Big Brother in the Front Seat

As more and more states enact bans on texting while driving, officials frustrated with enforcing the bans might one day have a disturbing new tool in their kit. As Bob Sullivan reports for MSNBC:

Kapsch TrafficCom AG, an Austrian company that just signed a 10-year contract to provide in-car transponders such as the E-Z Pass to 22 electronic highway toll collection systems around the U.S., recently filed a patent on technology to add multi-function mini-cameras to their toll gadgets. Today, transponders are in about 22 million cars around the U.S. Adding inward and outward facing cameras to the gadgets would create surveillance capabilities far beyond anything government agencies have tried until now.

The stated reason for an inward-pointing camera is to verify the number of occupants in the car for enforcement of HOV and HOT lanes. The outward-pointing camera could be used for the same purpose, helping authorities enforce minimum occupant rules against drivers who aren't carrying transponders.

But it's easy to imagine other uses. The patent says the transponders would have the ability to store and transmit pictures, either at random intervals or on command from a central office. It would be tempting to use them as part of a search for a lost child, for example, and law enforcement officials might find the data treasure trove irresistible.

E-Z Pass and Kapsch claim there's no need to worry. "I just don't think it's something that would gain a lot of traction," P.J. Wilkins, executive director of the E-Z Pass group, told Sullivan.

On the other hand, Lee Tien of the Electronic Frontier Foundation told Sullivan that people should voice their concerns right away:

Once you have the device out there, someone says, 'Why not use it for this, or that.' That's usually where the battle between privacy and other social goals is lost.

Whether you believe that distracted driving is a legitimate problem (and that government regulation is the solution) or not, the potential risks from letting the government constantly look inside our cars should not be ignored.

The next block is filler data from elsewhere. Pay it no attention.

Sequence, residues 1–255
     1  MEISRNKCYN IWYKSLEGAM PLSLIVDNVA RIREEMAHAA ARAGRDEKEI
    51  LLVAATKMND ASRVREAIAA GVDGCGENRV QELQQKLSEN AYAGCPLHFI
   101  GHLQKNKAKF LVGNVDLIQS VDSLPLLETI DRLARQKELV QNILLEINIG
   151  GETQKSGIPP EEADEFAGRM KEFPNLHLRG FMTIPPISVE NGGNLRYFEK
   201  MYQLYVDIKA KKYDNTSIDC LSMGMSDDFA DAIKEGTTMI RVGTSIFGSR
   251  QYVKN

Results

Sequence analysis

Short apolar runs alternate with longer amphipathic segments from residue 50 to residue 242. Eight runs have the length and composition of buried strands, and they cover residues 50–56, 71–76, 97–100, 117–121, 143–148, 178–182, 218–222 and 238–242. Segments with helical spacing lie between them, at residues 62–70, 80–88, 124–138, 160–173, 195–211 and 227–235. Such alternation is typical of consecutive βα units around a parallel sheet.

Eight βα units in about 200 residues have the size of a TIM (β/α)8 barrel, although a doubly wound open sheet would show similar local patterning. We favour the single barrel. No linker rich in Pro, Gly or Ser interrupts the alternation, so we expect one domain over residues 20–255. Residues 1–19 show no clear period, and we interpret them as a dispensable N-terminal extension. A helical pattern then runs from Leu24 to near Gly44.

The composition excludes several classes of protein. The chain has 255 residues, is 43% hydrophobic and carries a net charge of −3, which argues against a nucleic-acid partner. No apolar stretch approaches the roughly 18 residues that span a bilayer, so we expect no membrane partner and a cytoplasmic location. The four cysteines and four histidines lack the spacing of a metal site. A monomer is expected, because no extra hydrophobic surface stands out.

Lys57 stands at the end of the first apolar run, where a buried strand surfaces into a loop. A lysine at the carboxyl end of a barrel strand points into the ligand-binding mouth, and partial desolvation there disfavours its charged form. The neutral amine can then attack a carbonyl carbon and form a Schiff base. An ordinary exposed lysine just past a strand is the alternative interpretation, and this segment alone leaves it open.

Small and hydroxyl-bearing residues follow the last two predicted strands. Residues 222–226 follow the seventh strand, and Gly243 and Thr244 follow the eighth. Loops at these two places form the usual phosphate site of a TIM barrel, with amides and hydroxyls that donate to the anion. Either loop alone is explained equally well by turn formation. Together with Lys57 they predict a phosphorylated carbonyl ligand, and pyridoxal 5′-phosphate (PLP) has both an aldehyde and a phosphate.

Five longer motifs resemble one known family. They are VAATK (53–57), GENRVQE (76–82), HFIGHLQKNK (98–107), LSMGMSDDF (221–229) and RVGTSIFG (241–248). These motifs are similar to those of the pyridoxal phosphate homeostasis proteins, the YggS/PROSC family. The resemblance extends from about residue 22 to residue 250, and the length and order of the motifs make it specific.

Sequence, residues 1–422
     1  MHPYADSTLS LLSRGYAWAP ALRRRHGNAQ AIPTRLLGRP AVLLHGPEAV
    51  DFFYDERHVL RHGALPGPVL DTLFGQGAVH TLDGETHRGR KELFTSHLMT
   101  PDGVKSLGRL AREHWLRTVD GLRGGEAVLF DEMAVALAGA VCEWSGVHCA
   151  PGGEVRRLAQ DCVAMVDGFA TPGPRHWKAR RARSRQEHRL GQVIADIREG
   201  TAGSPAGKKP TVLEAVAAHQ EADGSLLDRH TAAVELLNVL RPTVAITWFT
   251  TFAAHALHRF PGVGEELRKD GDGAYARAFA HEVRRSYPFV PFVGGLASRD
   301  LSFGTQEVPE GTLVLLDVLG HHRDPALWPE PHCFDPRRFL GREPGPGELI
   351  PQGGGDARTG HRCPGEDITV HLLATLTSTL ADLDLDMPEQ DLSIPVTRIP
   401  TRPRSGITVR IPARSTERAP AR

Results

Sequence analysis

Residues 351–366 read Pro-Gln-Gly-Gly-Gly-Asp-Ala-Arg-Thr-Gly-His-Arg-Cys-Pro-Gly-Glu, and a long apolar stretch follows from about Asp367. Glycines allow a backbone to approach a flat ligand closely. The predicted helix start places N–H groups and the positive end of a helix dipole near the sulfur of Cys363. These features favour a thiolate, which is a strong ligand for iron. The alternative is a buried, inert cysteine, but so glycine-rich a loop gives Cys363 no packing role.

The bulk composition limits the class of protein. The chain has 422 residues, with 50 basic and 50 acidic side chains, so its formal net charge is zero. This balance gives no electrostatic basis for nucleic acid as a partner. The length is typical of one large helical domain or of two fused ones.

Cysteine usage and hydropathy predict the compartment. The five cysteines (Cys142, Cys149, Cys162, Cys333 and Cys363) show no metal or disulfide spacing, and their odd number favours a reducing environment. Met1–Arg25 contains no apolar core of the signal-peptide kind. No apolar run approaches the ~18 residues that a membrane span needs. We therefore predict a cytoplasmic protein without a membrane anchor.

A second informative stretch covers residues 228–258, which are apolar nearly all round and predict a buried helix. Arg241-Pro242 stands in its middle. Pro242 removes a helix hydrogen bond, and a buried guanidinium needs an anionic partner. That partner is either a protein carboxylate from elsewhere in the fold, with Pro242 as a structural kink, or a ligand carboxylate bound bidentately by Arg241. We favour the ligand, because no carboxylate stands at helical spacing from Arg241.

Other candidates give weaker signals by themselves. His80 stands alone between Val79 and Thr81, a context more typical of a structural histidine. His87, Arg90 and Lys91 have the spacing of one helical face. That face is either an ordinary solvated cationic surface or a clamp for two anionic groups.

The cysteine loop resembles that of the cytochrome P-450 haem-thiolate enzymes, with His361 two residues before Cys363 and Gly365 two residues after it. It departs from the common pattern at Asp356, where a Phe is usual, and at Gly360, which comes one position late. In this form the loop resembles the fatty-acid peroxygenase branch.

Read Reason's ongoing coverage of distracted driving laws here, here, and here.

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  • ChrisO||

    Y'know, it's shit like this that almost makes me want to take White Indian's silly advice and go totally off the grid.

    I wonder if Orwell and Huxley actually believed there was a chance of their fictional worlds becoming real.

  • Joe M||

    Creepy as hell, but isn't there a pretty easy way to defeat this? Just put a piece of opaque tape over the lens.

  • Nipplemancer||

    I'm pretty sure they'd make that a felony, for your own good of course.

  • Joe M||

  • ||

    And then they make it so that if you want to go through a toll booth, you have to have a transponder--no more cash payments.

    So then the choice is basically never drive on the highway, or let someone spy on the inside of your car. Awesome.

  • ||

    Shit's gotta stop somewhere. I have specifically avoided buying any new cars with black boxes that spy on me or contain automatic transponder things like On-Star for that reason. Another 20 years, and the'll probably take away our ability to do even that. At that point I hope to have escaped to some tropical island to live out my life.

  • ||

    We keep saying this shit's gotta stop somewhere, until the next time we say it.

    The people don't care and the government is hungrier and hungrier for more control, power, and money as it grows bigger and bigger.

    I mean, this shit has been been going up exponentially. It's not just Obama's fault. It's that the more power the government has, the more it wants. And in my opinion, once you pass a certain point, there's no stopping the runaway effect.

    I think we're past that point.

  • Joe M||

    So where does it end? A boot stomping on a human face, forever?

  • ||

    It ends when we have enough technology to fight back. That's what we need. Government defense devices.

  • ||

    It ends when people are not comfortable. It ends when--if--the government gets stupid and goes too far, and makes too many people's lives shitty or difficult because of all the control.

    If it's smart, it will make the sheep as comfortable as possible, and it will not end.

  • Joe M||

    So:
    Orwell = Revolution
    Huxley = Domination

  • ||